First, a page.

The Near Miss

Social media is addictive. One of my biggest fears in life is that I might miss a great experience or opportunity. So I spend too much time consuming social media for fear of missing something. But sometimes missing something can be a good thing.

Last week, I was driving home when a car pulled out from behind a parked truck and almost hit me head on. The tires screeched and my adrenaline pumped. We didn’t crash – it was a near miss. We paused, looked at each other in relief for a moment, then went on our ways. But what if we’d hit? How would life be different right now?

Sometimes near misses happen in business too. I once found what I thought was the perfect career opportunity. The job description fit my skills and it was just what I wanted. The interview went well and I liked the big boss. I thought an offer was just around the corner, then suddenly . . . nothing. Pure silence. The opportunity fizzled out and I was left empty-handed. A few months later, a friend in the know told me that I’d had a lucky escape. It seems it was just another form of the near miss. My life might have been miserable working for that big boss.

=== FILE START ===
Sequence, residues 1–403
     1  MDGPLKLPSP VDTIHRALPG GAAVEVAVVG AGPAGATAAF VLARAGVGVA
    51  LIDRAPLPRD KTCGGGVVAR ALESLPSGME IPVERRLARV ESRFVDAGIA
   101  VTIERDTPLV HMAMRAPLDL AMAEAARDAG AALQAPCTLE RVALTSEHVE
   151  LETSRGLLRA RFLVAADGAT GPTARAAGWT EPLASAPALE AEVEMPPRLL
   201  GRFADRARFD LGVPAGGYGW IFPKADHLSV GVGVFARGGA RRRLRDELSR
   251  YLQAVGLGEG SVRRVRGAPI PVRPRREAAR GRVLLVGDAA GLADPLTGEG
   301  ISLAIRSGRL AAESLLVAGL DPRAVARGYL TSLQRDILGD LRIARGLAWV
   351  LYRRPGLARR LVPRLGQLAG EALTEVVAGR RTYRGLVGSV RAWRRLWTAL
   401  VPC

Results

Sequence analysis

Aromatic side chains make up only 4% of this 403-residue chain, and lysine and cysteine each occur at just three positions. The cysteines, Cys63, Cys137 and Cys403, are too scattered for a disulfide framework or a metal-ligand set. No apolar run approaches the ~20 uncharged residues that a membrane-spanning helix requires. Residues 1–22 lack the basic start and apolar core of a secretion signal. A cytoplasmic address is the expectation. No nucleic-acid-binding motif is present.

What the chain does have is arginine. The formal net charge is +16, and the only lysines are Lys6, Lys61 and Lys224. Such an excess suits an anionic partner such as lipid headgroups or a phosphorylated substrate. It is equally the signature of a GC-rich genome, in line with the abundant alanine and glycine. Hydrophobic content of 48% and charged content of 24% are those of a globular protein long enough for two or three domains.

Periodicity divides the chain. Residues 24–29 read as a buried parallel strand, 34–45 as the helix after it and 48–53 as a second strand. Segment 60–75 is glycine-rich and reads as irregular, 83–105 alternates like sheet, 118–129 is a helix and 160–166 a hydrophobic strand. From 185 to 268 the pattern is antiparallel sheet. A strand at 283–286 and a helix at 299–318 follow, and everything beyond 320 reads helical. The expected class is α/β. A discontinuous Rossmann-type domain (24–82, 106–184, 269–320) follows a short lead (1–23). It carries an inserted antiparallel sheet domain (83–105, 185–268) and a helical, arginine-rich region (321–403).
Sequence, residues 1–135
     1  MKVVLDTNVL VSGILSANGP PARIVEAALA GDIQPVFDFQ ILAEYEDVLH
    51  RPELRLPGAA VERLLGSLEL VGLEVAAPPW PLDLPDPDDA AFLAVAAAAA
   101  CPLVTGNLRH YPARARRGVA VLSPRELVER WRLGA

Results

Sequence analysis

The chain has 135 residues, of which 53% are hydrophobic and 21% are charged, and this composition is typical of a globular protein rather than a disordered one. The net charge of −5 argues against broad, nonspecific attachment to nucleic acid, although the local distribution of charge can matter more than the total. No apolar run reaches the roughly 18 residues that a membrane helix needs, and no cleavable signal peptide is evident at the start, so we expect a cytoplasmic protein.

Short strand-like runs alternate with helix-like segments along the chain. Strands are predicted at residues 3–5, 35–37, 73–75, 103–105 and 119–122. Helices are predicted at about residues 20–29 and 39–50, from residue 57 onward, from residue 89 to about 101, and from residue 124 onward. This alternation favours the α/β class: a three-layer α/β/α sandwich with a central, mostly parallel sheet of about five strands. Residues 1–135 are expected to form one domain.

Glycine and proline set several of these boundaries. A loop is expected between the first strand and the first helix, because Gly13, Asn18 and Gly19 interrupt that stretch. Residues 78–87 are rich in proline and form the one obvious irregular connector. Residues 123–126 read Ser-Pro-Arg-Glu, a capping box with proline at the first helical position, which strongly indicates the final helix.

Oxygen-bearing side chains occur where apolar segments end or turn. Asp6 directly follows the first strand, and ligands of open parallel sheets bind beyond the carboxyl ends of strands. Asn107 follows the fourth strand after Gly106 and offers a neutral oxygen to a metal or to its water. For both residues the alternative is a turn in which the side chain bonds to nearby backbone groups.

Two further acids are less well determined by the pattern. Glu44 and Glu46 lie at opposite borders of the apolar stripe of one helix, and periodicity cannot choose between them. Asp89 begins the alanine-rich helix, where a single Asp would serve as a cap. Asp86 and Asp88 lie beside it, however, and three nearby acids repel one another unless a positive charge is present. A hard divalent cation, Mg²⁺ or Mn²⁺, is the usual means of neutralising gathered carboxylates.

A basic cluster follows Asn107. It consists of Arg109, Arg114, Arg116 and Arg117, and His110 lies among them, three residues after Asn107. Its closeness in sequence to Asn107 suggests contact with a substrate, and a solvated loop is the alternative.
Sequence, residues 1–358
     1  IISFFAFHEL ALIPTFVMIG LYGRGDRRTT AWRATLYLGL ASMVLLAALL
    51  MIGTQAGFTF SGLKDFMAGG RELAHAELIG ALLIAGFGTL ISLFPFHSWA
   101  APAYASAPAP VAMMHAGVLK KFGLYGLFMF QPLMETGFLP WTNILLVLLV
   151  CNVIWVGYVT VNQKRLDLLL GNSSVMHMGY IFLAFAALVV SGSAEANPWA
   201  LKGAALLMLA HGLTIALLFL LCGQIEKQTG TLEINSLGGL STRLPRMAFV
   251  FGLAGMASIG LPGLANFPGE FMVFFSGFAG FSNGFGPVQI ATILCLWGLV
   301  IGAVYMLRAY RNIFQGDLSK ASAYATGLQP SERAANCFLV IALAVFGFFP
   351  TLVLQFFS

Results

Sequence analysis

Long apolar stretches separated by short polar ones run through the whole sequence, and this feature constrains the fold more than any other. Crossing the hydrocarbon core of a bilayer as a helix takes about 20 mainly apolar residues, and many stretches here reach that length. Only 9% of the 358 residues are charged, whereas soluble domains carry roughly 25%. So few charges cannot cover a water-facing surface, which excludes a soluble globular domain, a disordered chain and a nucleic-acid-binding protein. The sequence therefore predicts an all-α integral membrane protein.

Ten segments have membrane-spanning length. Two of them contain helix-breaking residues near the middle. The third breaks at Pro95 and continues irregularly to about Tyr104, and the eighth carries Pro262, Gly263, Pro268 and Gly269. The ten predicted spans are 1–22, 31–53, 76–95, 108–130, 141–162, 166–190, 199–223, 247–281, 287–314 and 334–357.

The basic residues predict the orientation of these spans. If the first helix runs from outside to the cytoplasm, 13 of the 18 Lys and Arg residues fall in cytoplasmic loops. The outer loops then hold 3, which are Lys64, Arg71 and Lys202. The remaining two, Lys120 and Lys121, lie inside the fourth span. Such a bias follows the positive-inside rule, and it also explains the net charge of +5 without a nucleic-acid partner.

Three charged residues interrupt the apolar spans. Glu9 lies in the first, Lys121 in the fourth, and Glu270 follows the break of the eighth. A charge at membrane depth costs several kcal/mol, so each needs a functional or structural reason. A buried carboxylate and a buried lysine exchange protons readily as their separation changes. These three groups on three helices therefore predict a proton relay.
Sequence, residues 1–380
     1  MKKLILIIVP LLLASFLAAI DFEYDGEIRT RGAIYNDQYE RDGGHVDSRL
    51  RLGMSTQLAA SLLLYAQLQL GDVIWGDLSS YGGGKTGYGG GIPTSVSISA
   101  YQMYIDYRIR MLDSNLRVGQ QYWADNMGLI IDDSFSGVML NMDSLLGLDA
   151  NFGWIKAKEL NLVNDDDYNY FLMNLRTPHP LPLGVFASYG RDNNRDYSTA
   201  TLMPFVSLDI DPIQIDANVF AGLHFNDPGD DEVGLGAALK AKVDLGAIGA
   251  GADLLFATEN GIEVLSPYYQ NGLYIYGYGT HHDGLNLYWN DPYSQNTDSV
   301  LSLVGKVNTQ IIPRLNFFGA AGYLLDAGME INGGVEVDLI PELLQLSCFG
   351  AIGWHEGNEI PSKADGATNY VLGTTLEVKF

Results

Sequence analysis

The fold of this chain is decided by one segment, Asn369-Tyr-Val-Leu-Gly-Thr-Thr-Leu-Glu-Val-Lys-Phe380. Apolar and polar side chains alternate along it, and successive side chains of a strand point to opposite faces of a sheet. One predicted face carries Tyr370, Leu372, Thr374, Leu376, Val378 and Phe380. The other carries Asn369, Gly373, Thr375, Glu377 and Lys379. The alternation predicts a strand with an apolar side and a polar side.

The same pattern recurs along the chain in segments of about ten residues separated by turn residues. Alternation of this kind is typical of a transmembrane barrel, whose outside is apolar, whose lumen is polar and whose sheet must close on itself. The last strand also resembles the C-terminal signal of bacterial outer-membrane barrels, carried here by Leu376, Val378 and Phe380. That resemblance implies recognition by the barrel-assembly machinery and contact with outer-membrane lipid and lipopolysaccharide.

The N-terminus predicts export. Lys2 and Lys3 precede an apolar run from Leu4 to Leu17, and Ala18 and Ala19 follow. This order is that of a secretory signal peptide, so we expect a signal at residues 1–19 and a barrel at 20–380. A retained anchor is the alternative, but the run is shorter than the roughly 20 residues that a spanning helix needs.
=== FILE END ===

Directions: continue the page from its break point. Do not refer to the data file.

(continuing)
I remember a time of great disappointment when I didn’t get a new client signed on. He seemed so eager to work with me that I started writing his blog before we’d sealed the deal. In a couple of weeks, he replied that some unforeseen circumstances had come up and the timing wasn’t right for his digital media strategy. Was it a lost opportunity or a near miss? Maybe he would have been a difficult client. I may never know.

Can you experience a near miss in the world of social media? Have you ever thought of posting something negative about someone? We all feel this way sometimes. Maybe you want to post a rant on Facebook about your mother-in-law. Or how about a slur against a co-worker on Twitter? Ever want to ridicule a celebrity or engage in a flame war with a stranger? If you did post it, think of how your life might be changed for the worse.

Do yourself a favour. If you write it, count to ten and read it again. Put your tolerance filters on and revise it before hitting the share button. You might just find you’re grateful for a near miss.